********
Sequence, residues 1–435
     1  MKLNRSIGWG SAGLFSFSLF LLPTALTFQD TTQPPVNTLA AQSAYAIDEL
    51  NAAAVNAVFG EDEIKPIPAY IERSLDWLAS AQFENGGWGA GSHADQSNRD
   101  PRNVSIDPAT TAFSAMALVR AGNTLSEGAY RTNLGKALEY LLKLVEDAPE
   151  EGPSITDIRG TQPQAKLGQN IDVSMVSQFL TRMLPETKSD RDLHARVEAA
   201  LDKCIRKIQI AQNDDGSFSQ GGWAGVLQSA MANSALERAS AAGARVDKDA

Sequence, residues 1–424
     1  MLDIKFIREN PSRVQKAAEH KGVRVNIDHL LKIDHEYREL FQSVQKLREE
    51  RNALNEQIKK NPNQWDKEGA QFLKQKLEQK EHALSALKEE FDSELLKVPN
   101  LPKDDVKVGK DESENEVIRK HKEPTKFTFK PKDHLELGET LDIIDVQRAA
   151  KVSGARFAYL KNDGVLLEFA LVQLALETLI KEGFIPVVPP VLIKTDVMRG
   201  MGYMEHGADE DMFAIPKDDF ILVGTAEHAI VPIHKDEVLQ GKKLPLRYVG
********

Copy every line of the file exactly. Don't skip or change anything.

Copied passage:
Sequence, residues 1–435
     1  MKLNRSIGWG SAGLFSFSLF LLPTALTFQD TTQPPVNTLA AQSAYAIDEL
    51  NAAAVNAVFG EDEIKPIPAY IERSLDWLAS AQFENGGWGA GSHADQSNRD
   101  PRNVSIDPAT TAFSAMALVR AGNTLSEGAY RTNLGKALEY LLKLVEDAPE
   151  EGPSITDIRG TQPQAKLGQN IDVSMVSQFL TRMLPETKSD RDLHARVEAA
   201  LDKCIRKIQI AQNDDGSFSQ GGWAGVLQSA MANSALERAS AAGARVDKDA

Sequence, residues 1–424
     1  MLDIKFIREN PSRVQKAAEH KGVRVNIDHL LKIDHEYREL FQSVQKLREE
    51  RNALNEQIKK NPNQWDKEGA QFLKQKLEQK EHALSALKEE FDSELLKVPN
   101  LPKDDVKVGK DESENEVIRK HKEPTKFTFK PKDHLELGET LDIIDVQRAA
   151  KVSGARFAYL KNDGVLLEFA LVQLALETLI KEGFIPVVPP VLIKTDVMRG
   201  MGYMEHGADE DMFAIPKDDF ILVGTAEHAI VPIHKDEVLQ GKKLPLRYVG